"North Korea has conducted more missile tests in the past two years than during the entirety of Kim Jong-il's time as leader," Australian foreign policy analyst Crispin Rovere said on Wednesday. "This pace reflects a commitment to securing a credible nuclear deterrent."
Kim Jong-il, the father of Kim Jong-un, was North Korea’s effective ruler from the early 1980s until his death in 2011.
The test marked a major advance for the Pyongyang regime in its efforts to build ballistic missiles that could be launched before being destroyed in preemptive strikes, Rovere pointed out.
"The latest test used a solid fuel propellant which is a breakthrough for North Korea. This requires far less preparation time to launch, and the North's new mobile launcher allows it to go off road, making it more survivable in a crisis," Rovere explained.
The missile launch "ensures that the Hermit Kingdom cannot be ignored by the international community," he said.
Rovere also predicted that North Korea would soon seek to test a nuclear weapon that could be delivered on missiles.
"It is only a matter of time before North Korea successfully conducts a long-range nuclear test, demonstrating that its arsenal has been miniaturized and combined with long-range delivery vehicles," he added.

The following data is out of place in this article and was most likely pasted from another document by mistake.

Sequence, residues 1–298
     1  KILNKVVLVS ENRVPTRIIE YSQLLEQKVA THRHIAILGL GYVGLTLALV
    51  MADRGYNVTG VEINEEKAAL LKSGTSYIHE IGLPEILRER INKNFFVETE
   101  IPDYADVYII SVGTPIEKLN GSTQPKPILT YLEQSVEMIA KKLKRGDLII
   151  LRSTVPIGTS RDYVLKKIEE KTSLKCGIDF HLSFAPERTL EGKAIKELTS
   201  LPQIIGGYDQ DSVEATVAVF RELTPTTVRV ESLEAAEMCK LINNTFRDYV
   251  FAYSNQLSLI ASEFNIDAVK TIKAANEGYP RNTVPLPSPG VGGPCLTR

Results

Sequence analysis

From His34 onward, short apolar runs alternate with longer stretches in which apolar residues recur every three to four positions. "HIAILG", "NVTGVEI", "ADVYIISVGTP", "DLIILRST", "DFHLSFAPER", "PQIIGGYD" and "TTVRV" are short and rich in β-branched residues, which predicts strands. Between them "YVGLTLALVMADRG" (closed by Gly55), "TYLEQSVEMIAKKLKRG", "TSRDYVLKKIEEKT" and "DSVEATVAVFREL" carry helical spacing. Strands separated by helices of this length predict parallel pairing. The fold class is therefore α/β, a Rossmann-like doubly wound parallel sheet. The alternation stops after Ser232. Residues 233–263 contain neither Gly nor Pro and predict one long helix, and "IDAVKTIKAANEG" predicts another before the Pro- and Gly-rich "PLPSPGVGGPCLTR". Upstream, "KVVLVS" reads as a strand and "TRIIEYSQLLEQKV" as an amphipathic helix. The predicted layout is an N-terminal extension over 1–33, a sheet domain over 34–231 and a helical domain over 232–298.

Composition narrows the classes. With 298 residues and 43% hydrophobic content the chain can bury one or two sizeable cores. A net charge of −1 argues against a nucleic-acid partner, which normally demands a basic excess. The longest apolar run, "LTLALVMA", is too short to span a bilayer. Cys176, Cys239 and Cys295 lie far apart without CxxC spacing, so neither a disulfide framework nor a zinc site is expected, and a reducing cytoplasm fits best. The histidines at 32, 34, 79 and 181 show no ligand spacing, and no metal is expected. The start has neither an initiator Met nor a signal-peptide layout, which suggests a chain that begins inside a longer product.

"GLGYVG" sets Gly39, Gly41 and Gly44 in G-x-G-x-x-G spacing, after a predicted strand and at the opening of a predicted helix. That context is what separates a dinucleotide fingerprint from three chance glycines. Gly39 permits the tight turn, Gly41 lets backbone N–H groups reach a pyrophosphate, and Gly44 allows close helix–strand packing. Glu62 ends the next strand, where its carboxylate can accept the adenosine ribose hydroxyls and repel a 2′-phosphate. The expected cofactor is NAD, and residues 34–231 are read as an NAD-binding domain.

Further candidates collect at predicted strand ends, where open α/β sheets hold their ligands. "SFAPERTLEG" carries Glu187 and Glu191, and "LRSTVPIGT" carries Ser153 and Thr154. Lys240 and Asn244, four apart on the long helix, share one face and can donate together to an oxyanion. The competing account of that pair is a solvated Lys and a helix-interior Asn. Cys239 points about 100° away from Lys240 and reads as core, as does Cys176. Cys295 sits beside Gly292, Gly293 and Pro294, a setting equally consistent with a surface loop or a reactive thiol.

Such a test would present President Trump with a difficult choice, Rovere foresaw.
"At that point the United States will either have to make a humiliating deal with Pyongyang, or undertake drastic action that carries enormous risk for America and its allies," he said.
"The more the US responds to North Korea, the more the Chinese will feel the need to respond," he said.
Winnie said the timing of the Pukgukspong-2 test suggested that Pyongyang was worried that Trump and Abe intended to step up pressure or take more serious actions against their country.
"They are deeply worried about the US alliance with Japan. The North Koreans want the United States to back off," he said.
However, Trump was unlikely to take bellicose actions by the North Koreans such as the missile test passively and was more likely to step up US and international pressures against Pyongyang, Winnie concluded.
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